Impact This project started in February 2021. The output of this project will be a mural. An initiative of three local artists - Lloyd Newton (Solomon Islands), Pax Jakupa (Papua New Guinea) and Alvaro Sumaki Kuautonga (Vanuatu), the project is a rare opportunity for artistic cross-country engagement in a region often overlooked by global art markets. The project is transdisciplinary and will convert ethnographic and archival research into visual formats for broad audience outreach. The project seeks to achieve multiple outcomes including, but not limited to, showcasing gendered conceptions of the ocean in Melanesian contexts, strengthening regional resolve to actively protect the sea, bolstering community participation in governance strategies and expanding local understanding of sustainable marine practices. The murals will share and celebrate multigenerational and culturally diverse knowledge, practices and worldviews related to the sea. Moreover, the project will foster relationships between artists based in the Western Pacific, visually enhance urban centres and increase the socio-political capital of public art in the Solomon Islands, Papua New Guinea and Vanuatu. The project intends to foreground the knowledge and experiences of Melanesian women, educate and impart new skills to local youth, encourage grass-roots development, engage government officials and policymakers, foster active ocean conservation and develop artistic relationships in the Western Pacific. The murals will reinforce the importance of cultural heritage, indigenous identity and regional resilience while also bolstering inclusive and equitable marine management strategies.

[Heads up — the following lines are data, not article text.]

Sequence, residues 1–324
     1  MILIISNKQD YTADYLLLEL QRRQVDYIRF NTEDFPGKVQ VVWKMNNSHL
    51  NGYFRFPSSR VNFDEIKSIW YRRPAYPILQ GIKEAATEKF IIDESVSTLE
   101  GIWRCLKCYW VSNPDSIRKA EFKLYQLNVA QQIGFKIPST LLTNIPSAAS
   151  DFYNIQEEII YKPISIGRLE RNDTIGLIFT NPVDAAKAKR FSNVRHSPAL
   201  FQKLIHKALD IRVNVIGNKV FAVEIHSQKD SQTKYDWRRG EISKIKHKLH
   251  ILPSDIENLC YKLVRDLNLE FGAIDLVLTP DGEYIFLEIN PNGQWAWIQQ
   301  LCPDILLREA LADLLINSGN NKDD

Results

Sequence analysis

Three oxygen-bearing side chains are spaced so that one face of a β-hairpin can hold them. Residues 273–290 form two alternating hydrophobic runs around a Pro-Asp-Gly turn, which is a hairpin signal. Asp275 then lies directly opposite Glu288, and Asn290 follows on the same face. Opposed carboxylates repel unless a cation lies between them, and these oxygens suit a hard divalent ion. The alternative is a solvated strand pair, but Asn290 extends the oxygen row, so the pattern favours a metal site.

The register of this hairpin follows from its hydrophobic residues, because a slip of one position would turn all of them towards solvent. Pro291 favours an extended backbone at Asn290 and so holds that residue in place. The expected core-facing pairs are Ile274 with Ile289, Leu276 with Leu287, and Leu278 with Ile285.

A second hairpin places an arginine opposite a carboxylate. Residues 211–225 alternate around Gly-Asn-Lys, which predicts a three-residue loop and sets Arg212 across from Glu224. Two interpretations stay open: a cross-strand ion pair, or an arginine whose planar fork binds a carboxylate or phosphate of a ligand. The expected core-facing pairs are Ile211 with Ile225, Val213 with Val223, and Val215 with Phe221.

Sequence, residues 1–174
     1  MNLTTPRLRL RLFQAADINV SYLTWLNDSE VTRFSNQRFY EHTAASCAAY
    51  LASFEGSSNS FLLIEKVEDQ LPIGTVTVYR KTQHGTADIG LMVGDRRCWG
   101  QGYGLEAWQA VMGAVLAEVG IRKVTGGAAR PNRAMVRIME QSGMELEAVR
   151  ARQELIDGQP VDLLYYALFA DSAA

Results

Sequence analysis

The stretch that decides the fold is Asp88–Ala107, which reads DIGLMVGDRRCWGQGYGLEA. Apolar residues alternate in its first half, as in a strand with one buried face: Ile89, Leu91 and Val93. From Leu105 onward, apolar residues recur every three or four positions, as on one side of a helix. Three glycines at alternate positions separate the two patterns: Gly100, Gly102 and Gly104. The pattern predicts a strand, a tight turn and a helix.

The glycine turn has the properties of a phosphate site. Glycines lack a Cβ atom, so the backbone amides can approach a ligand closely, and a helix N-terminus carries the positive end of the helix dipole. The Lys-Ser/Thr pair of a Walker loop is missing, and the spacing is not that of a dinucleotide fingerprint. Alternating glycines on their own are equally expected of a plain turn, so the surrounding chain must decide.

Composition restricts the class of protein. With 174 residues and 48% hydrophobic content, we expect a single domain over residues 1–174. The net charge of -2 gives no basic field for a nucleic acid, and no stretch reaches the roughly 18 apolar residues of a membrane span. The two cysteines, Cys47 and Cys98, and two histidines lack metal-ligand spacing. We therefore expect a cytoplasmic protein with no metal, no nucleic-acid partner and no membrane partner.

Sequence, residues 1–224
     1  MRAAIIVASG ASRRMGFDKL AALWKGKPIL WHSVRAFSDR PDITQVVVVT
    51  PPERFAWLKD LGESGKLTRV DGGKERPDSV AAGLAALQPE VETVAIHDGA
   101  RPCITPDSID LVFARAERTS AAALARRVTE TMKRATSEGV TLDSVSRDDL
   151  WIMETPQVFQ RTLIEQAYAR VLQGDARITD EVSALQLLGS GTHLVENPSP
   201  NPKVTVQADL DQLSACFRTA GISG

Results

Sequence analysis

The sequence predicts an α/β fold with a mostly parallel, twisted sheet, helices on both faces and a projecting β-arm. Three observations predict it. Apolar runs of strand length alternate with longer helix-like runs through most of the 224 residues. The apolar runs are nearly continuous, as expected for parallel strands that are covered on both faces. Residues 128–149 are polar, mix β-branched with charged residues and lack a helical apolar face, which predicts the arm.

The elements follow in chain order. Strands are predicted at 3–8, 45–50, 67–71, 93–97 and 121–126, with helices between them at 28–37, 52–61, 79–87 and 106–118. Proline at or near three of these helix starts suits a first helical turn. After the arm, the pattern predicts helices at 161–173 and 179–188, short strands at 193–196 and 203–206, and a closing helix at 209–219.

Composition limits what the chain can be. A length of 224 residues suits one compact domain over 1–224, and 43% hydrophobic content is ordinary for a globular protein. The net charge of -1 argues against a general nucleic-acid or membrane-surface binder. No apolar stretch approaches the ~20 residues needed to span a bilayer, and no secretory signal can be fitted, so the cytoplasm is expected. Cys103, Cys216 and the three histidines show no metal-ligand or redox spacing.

Start Year 2021
 
Description Solomon Islands Ocean Literacy Primary Education Programme 
Organisation Pacific Islands Students Fighting Climate Change
Country Solomon Islands 
Sector Charity/Non Profit